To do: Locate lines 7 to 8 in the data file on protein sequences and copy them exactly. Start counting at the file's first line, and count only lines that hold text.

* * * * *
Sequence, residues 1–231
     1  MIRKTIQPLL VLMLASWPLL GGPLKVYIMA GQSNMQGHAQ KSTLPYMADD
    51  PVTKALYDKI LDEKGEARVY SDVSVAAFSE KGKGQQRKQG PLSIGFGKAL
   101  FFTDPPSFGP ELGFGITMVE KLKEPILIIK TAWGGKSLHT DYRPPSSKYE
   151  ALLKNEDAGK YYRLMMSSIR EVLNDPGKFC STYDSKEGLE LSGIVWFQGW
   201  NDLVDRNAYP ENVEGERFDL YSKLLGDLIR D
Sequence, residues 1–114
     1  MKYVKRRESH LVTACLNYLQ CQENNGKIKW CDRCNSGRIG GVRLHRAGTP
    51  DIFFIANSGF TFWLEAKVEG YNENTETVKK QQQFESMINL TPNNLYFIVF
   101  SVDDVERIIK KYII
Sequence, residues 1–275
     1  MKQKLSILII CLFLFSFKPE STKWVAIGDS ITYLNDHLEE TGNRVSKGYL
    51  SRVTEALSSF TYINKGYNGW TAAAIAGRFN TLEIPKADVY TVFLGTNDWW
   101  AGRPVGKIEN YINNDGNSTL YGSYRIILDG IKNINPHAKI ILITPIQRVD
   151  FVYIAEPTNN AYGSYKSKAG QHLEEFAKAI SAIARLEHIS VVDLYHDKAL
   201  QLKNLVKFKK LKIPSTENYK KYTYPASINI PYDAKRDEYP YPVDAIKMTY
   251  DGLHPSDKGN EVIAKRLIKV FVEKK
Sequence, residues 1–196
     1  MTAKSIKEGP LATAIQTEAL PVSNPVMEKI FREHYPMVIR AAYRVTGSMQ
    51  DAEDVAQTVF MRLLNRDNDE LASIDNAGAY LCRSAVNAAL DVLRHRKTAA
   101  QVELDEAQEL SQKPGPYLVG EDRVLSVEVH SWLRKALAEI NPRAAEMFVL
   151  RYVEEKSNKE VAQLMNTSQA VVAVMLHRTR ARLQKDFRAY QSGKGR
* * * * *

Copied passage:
Sequence, residues 1–114
     1  MKYVKRRESH LVTACLNYLQ CQENNGKIKW CDRCNSGRIG GVRLHRAGTP